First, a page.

Ken-ichi Uchida

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The spin Seebeck effect refers to the generation of a spin voltage caused by a temperature gradient in a ferromagnet, which enables the thermal injection of spin currents from the ferromagnet into an attached nonmagnetic metal over a macroscopic scale of several millimeters. The inverse spin Hall effect converts the injected spin current into a transverse(More)
Applying magnetic fields has been the method of choice to magnetize non-magnetic materials, but they are difficult to focus. The magneto-electric effect and voltage-induced magnetization generate magnetization by applied electric fields, but only in special compounds or heterostructures. Here we demonstrate that a simple metal such as gold can be magnetized(More)
Surface plasmons, free-electron collective oscillations in metallic nanostructures, provide abundant routes to manipulate light-electron interactions that can localize light energy and alter electromagnetic field distributions at subwavelength scales. The research field of plasmonics thus integrates nano-photonics with electronics. In contrast, electronics(More)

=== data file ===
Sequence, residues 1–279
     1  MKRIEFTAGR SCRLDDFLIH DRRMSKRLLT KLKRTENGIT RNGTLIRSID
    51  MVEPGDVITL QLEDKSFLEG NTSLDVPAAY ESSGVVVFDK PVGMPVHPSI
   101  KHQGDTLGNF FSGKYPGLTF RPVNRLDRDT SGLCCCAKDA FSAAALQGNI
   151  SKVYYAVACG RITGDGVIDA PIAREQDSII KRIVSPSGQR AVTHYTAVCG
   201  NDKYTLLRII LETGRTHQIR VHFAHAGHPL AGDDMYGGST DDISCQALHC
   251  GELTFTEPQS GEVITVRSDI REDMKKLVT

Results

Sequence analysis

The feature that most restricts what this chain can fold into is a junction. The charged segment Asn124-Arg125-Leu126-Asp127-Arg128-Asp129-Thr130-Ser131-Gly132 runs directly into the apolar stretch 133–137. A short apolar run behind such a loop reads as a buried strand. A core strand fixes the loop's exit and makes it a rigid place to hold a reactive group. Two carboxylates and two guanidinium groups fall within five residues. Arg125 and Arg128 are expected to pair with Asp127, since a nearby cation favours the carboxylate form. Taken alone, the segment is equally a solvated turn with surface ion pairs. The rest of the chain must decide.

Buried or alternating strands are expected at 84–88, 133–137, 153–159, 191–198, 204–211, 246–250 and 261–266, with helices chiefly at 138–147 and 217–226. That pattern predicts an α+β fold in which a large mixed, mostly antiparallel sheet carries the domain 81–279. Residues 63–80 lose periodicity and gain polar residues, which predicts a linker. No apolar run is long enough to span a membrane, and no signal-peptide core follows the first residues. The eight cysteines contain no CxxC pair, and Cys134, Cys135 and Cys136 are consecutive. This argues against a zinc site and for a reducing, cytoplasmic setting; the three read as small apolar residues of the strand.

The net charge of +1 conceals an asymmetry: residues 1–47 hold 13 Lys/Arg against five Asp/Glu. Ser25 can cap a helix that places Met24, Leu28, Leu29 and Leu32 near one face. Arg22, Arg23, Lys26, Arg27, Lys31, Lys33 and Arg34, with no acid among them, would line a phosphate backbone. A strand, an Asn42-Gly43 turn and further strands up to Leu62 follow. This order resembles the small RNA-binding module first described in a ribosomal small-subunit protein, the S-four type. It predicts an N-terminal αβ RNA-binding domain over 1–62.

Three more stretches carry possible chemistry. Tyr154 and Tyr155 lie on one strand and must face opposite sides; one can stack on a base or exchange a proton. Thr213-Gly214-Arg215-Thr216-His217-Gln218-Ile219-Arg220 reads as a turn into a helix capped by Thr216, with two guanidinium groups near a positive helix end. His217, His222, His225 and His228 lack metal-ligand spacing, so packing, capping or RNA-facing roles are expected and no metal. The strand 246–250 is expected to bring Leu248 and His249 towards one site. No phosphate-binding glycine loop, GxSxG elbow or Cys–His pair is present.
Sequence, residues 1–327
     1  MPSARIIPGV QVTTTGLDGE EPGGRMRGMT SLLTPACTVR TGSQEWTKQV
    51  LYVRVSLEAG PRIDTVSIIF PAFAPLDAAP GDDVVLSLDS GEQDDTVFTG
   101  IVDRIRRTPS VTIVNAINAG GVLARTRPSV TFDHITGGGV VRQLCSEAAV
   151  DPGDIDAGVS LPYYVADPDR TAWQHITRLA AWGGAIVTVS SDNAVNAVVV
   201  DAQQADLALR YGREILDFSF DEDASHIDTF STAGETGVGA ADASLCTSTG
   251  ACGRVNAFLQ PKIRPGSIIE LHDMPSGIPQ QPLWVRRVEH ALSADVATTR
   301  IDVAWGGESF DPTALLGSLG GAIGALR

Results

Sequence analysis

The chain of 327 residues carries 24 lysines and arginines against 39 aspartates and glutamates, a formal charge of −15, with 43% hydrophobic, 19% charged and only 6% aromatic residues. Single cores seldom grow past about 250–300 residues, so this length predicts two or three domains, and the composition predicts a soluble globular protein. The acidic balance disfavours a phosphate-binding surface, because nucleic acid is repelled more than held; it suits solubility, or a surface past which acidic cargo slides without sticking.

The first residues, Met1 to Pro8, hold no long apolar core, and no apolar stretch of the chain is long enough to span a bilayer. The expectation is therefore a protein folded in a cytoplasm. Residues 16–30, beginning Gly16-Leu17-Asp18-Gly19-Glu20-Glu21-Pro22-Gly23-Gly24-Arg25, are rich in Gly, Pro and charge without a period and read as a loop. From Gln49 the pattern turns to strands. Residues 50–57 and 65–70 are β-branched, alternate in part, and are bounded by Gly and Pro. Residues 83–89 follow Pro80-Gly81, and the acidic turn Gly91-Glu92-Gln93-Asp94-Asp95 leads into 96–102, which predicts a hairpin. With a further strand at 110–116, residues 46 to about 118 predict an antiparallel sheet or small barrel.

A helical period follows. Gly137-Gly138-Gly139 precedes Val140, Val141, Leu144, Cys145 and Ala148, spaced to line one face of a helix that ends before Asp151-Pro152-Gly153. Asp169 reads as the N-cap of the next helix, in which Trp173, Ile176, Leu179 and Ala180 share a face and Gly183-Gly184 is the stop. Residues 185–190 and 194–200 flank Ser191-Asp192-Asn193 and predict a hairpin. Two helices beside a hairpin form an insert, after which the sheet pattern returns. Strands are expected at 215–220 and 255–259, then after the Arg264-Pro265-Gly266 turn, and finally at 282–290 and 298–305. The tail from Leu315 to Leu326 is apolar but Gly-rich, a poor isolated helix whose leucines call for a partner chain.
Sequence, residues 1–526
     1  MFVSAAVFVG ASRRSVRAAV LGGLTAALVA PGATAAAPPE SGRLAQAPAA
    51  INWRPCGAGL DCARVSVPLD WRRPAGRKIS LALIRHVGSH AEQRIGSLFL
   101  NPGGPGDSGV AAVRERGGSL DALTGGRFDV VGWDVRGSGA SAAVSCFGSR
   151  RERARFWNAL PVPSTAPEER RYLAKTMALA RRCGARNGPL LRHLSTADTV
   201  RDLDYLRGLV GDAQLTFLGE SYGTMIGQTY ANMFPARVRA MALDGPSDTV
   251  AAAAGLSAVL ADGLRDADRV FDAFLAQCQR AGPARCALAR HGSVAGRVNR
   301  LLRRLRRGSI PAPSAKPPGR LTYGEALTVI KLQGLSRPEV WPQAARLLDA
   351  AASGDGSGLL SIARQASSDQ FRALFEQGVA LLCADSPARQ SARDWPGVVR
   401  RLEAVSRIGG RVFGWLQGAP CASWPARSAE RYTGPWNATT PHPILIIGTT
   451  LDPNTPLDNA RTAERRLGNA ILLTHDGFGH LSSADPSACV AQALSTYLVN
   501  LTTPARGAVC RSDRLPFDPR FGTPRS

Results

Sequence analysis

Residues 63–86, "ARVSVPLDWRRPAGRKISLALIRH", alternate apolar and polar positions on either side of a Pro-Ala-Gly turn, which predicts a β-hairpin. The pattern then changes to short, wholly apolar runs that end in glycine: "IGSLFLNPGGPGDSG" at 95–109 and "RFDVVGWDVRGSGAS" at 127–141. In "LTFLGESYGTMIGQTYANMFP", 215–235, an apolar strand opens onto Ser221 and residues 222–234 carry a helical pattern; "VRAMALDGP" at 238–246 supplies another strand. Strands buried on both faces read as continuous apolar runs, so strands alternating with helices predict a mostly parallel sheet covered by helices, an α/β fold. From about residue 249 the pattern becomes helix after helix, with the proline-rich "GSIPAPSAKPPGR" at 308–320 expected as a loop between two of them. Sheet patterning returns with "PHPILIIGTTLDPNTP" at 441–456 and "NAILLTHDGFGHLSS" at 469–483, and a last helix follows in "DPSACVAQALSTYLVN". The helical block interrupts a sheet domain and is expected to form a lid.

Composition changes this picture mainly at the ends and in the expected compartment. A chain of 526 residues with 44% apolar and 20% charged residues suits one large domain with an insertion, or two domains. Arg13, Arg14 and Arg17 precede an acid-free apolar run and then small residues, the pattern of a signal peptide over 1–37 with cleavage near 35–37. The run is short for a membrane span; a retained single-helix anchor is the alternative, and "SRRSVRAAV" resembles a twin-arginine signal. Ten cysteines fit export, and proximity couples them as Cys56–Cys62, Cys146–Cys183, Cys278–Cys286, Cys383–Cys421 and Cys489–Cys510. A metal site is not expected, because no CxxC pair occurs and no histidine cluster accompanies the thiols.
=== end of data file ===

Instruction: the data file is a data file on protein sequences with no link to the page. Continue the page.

Sharp structures in the magnetic field-dependent spin Seebeck effect (SSE) voltages of Pt/Y_{3}Fe_{5}O_{12} at low temperatures are attributed to the magnon-phonon interaction. Experimental results are well reproduced by a Boltzmann theory that includes magnetoelastic coupling. The SSE anomalies coincide with magnetic fields tuned to the threshold of(More)
The Peltier effect modulates the temperature of a junction comprising two different conductors in response to charge currents across the junction, which is used in solid-state heat pumps and temperature controllers in electronics. Recently, in spintronics, a spin counterpart of the Peltier effect was observed. The 'spin Peltier effect' modulates the(More)
Spin fluctuation and transition have always been one of the central topics of magnetism and condensed matter science. Experimentally, the spin fluctuation is found transcribed onto scattering intensity in the neutron-scattering process, which is represented by dynamical magnetic susceptibility and maximized at phase transitions. Importantly, a neutron(More)
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